The first images of the series are not a bloody glove, a white Ford Bronco, a crime scene photo, or any other paraphernalia come to be associated with the trial in the decades since. Instead viewers are greeted by the grainy video footage of Rodney King being beaten by Los Angeles Police Department officers, followed by news coverage of the riots that erupted after the four officers were acquitted a year later by a mostly white jury. These images are reminders of just how fresh the wounds of the riots were, but they also serve as an effective framing device for the series itself. Positioning the staggering media attention of O.J. Simpson's impending trial against the backdrop of a still-simmering community divided across racial lines sets the stage for the defendant's acquittal, and serves as an effective prompt for how the trial ended the way it did.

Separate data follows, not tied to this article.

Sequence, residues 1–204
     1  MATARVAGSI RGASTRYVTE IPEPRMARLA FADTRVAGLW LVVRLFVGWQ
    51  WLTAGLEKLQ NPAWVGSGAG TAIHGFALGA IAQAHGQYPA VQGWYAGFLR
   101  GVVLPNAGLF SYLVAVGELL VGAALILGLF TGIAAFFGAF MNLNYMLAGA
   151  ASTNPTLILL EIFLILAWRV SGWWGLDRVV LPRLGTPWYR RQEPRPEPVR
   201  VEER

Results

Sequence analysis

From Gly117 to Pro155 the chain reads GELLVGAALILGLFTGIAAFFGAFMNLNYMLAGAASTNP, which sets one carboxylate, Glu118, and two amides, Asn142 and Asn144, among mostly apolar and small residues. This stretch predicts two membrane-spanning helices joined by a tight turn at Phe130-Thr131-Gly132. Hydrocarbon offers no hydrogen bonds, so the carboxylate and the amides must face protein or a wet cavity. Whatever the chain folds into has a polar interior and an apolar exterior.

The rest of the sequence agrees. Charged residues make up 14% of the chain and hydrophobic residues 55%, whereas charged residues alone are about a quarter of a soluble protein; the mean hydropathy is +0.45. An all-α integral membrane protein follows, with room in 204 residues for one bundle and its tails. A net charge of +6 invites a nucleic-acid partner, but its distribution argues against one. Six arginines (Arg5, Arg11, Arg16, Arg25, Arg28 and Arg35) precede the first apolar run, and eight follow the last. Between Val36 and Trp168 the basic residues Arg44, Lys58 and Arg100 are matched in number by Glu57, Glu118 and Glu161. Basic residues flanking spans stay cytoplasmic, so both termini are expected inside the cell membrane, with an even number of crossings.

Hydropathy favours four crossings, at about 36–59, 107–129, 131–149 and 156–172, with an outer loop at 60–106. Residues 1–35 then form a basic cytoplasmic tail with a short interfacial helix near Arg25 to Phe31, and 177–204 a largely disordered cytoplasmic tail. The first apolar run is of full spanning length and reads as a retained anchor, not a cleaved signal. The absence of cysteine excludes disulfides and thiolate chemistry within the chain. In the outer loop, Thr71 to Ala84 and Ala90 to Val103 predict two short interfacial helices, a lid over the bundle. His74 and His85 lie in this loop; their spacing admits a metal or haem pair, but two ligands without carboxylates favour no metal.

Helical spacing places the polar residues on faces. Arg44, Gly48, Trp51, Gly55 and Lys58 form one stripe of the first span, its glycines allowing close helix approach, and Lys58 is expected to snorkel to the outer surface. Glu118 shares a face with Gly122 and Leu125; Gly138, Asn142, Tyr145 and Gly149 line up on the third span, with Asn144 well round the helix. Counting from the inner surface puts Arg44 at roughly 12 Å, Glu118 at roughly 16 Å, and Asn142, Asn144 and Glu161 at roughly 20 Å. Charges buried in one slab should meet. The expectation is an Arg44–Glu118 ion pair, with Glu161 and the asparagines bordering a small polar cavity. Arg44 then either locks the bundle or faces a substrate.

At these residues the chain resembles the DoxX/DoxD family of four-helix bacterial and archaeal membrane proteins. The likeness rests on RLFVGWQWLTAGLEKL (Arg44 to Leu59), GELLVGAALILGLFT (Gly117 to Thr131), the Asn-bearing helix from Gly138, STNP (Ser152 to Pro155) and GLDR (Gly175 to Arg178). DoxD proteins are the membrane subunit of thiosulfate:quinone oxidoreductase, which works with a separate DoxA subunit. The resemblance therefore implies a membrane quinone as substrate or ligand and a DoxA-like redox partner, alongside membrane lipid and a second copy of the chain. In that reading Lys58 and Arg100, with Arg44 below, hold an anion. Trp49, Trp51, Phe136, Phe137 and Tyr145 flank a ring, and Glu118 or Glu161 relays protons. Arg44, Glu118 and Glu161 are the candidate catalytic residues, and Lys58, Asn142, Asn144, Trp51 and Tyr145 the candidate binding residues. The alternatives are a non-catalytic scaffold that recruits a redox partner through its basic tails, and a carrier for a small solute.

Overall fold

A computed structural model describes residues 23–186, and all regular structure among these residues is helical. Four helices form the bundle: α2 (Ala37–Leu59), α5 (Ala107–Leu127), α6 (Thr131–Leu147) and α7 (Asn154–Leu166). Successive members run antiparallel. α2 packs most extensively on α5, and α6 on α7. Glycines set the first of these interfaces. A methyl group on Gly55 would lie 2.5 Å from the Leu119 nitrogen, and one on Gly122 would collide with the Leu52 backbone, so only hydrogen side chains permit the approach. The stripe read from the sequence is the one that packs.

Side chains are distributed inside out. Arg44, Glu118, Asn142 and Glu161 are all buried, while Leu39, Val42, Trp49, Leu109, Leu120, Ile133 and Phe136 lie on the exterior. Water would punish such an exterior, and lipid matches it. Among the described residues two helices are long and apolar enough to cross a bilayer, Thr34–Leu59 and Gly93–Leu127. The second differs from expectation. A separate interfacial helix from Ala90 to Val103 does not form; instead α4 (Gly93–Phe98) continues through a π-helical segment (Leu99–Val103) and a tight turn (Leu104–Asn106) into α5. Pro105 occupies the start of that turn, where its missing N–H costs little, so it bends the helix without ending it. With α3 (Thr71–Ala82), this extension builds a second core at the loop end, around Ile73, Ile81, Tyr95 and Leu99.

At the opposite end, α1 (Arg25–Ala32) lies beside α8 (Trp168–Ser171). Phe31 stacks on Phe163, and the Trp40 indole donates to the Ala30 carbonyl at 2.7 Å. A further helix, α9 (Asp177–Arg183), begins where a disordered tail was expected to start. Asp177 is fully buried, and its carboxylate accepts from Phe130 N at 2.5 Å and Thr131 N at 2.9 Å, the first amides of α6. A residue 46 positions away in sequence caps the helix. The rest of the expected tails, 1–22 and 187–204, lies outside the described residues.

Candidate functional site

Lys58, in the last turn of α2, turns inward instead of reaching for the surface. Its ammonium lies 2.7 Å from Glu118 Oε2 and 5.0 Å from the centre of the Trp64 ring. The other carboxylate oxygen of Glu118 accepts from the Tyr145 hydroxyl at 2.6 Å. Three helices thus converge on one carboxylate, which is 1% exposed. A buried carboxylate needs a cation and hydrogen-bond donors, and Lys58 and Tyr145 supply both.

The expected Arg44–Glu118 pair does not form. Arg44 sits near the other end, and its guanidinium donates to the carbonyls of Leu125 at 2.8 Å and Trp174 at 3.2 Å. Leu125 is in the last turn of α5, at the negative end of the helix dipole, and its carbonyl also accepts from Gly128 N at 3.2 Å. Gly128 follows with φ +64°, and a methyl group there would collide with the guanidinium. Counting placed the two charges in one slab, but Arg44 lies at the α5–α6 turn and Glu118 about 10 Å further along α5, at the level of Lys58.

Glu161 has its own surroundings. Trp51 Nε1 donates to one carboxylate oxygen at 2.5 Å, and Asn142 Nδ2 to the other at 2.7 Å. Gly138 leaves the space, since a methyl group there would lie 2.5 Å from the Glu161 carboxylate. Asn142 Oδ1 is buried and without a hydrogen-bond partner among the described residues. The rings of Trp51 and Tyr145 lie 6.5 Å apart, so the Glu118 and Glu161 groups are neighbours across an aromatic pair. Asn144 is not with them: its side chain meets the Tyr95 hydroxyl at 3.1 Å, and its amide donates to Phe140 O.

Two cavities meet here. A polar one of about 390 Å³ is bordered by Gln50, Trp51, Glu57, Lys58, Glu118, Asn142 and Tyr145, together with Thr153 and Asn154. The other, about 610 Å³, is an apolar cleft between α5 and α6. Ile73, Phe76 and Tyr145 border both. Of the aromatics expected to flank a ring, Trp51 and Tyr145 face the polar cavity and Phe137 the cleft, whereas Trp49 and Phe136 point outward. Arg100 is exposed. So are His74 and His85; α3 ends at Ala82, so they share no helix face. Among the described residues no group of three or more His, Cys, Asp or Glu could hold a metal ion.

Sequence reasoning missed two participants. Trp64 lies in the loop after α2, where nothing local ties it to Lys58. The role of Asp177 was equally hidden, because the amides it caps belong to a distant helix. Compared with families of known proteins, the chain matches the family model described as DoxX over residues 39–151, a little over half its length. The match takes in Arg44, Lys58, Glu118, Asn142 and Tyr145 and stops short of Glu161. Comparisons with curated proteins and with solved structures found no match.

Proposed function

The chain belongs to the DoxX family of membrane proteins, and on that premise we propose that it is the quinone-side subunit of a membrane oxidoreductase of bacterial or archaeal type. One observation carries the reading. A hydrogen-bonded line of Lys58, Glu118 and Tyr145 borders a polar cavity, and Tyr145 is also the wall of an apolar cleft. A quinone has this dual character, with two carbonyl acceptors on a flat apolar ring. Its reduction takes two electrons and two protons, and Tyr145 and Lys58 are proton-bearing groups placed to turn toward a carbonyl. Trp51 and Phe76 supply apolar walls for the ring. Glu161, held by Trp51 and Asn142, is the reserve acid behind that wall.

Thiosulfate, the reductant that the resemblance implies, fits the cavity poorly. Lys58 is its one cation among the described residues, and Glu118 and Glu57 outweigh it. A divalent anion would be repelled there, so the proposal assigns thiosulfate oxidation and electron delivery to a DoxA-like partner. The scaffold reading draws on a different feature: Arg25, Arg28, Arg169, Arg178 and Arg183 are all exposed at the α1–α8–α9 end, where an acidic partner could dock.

There is a bit of hindsight calculated into this particular viewpoint, but rather than offer the sort of scold-y "I told you so" retrospection of something like, say, The Newsroom, American Crime Story uses it as the scaffolding from which the narrative bricks and mortar of race, fame, media manipulation, and curated personas are laid, erecting a surprisingly sound structure capable of housing not only the enormous ruckus of the case against Orenthal James Simpson, but also the immense personalities that would soon become synonymous with the trial. To that end, American Crime Story is unable to refuse the allure of Hollywood spectacle and the business of star wrangling in an effort to secure more eyeballs in the following weeks. The series boasts Academy Award-winner Cuba Gooding Jr. as O.J., American Horror Story alum Sarah Paulson as the admittedly perfectly cast Marcia Clark, David Schwimmer as Kardashian paterfamilias and Simpson confidant Robert Kardashian, and, of course, John Travolta as Simpson attorney Robert Shapiro (one-fifth of the Simpson "Dream Team" comprised of Johnnie Cochran (Courtney B. Vance), F. Lee Bailey (Nathan Lane), Robert Kardashian, and Alan Dershowitz (Evan Handler). The series has also called in a few notable names for flashy supporting roles, like Connie Britton as Faye Resnick and Selma Blair as Kris Jenner.